Linkages between tourism and agriculture in South Pacific SIDS: the case of Niue
Tourism is playing a growing role in many Pacific Island economies. Even in the smallest MIRAB (Migration, Remittances, Aid and Bureaucracy) economies, tourism is seen as an area of policy significance by governments and donors. One area that is often highlighted as having potential to enhance the local benefits of tourism is the creation of linkages to agriculture. The research question of this thesis is: What is the potential within Niue to create linkages between the tourism and agriculture sectors? Specifically, the research examines the:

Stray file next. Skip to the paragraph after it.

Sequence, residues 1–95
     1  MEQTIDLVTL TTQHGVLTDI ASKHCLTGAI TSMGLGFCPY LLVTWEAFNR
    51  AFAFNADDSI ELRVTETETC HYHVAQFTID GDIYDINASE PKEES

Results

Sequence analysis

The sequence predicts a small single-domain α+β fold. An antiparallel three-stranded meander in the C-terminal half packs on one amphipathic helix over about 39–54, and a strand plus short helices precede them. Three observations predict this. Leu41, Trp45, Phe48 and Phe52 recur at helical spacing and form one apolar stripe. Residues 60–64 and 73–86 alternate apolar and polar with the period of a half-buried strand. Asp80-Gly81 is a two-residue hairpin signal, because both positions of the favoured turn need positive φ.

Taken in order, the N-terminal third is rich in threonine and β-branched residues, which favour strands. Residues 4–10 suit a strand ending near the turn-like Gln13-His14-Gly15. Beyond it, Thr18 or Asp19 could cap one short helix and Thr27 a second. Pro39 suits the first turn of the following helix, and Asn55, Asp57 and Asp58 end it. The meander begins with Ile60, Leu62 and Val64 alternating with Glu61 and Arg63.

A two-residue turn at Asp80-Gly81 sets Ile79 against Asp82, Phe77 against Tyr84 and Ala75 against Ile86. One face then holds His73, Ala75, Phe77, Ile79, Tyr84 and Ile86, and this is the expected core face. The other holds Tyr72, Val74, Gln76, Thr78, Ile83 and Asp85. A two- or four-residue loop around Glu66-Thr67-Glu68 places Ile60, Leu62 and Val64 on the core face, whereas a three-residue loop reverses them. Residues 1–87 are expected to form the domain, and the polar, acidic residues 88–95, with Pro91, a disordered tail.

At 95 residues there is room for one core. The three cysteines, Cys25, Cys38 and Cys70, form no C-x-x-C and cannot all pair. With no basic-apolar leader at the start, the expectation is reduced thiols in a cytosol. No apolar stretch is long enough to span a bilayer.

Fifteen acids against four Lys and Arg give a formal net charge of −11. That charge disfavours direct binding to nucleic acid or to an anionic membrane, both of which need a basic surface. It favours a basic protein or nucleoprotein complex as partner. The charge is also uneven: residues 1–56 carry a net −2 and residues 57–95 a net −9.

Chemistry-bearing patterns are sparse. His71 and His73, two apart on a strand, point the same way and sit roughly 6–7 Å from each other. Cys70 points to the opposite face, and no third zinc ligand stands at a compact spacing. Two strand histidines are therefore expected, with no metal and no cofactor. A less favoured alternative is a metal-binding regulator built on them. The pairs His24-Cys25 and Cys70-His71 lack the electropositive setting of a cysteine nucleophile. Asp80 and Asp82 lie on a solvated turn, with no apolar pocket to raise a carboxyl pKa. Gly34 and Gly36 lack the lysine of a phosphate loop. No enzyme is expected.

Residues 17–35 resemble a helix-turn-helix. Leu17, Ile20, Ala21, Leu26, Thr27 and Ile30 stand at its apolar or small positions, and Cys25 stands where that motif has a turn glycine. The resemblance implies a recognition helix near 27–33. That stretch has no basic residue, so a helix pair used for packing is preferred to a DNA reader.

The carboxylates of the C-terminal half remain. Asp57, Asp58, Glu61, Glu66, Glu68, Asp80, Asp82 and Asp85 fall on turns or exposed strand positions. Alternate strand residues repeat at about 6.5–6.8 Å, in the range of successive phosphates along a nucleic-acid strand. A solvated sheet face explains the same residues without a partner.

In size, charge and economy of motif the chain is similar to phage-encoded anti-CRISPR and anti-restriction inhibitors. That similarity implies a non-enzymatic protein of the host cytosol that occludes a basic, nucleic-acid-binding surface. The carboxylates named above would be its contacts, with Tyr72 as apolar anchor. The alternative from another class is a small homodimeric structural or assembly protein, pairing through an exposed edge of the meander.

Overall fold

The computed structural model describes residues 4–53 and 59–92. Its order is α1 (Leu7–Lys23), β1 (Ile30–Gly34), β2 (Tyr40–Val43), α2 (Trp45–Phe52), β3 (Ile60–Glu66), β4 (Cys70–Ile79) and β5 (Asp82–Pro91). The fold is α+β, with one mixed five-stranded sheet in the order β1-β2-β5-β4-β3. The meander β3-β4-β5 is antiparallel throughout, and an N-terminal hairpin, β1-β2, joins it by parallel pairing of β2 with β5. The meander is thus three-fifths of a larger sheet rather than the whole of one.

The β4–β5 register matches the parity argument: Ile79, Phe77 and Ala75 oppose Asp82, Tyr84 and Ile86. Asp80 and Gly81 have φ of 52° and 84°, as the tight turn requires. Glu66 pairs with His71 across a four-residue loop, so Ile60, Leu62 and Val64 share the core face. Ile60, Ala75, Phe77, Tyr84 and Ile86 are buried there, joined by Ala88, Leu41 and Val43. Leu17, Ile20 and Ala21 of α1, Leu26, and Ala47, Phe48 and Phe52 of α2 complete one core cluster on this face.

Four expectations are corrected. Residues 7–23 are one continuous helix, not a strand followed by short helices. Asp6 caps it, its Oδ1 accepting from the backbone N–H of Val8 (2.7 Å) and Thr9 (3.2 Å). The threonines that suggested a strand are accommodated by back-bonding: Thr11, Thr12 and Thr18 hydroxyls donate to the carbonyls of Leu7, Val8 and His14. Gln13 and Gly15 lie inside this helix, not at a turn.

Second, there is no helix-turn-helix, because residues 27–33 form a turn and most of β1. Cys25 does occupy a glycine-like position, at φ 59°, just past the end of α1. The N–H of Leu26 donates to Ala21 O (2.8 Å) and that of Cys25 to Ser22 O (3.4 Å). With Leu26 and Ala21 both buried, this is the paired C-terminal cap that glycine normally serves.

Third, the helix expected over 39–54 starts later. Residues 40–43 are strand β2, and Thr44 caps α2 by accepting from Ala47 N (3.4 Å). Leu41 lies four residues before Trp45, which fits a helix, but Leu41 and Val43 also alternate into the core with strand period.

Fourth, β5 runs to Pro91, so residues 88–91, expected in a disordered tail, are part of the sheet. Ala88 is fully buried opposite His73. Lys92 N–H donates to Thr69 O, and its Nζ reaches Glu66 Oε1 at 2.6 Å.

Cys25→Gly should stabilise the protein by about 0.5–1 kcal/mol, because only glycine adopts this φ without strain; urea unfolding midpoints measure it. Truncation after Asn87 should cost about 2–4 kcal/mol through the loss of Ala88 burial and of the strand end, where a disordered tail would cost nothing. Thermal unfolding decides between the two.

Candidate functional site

• characteristics of tourism and agriculture and their existing linkages, and • constraints to, and facilitators of, tourism–agriculture linkages. The research also explores the: • value of a mixed-methods approach to understanding tourism–agriculture linkages, and • contribution of tourism–agriculture linkages within the contexts of dependency, regulation and MIRAB approaches. The research outcomes will not be specific only to Niue, but will also be relevant for understanding the complexities involved in nurturing tourism–agriculture linkages for other ‘islands’ in the Pacific. There were 284 responses received from the online tourist survey. Semi-structured interviews were conducted with 29 growers, 34 tourism operators and 12 government officials. Informal discussions were held with ten elders, three village councillors and 60 tourists in Niue. The current tourism–agriculture linkages in Niue are minimal: there is limited availability of any formalised agriculture- and village-related experiences. This research shows a latent demand for ‘local and unique’ experiences – something that can allow tourists to get a ‘sense of place’ and improve tourism–agriculture linkages incrementally over time. This research highlights that growers can meet some of the demand for local produce that are in season. The increasing number of small-scale tourism enterprises and village projects reflect the participation of Niueans in tourism. Attempts made by the administrators of tourist websites in Niue to provide up-to-date information imply their desire to enhance tourists’ and locals’ experiences of tourism. The governments of both Niue and New Zealand are eager to reduce Niue’s sole reliance on MIRAB by nurturing a yield-based tourism industry. Tourism in Niue will continue to exist as a small-scale activity and its linkages to agriculture will be limited due to its inability to overcome a number of constraints. Inconsistent availability of local produce, lack of supply of tourism experiences, limited promotion of local experiences, and the lack of an overarching strategy hinder tourism–agriculture linkages. Limited fertile soil and water, seasonality of local produce, population decline, heavy dependence on MIRAB, and poor collaboration between stakeholders further compound the barriers to tourism–agriculture linkages. No one theoretical framework is really suited to understanding the potential to nurture tourism–agriculture linkages. This study has attempted to integrate the approaches of MIRAB, dependency and regulation theories in the Niue context. MIRAB approaches show the importance of migration and remittances and add a deeper understanding to the phenomenon of returning Niueans. Regulation theory provides an understanding of visitor demand, networking between small enterprises and the critical role of government in tourism. Dependency theory brings into focus the continued dependent and uneven relationship between the global system and local factors. The integration of these three theoretical approaches shed light on the challenges facing many of the ‘islands’ in the Pacific.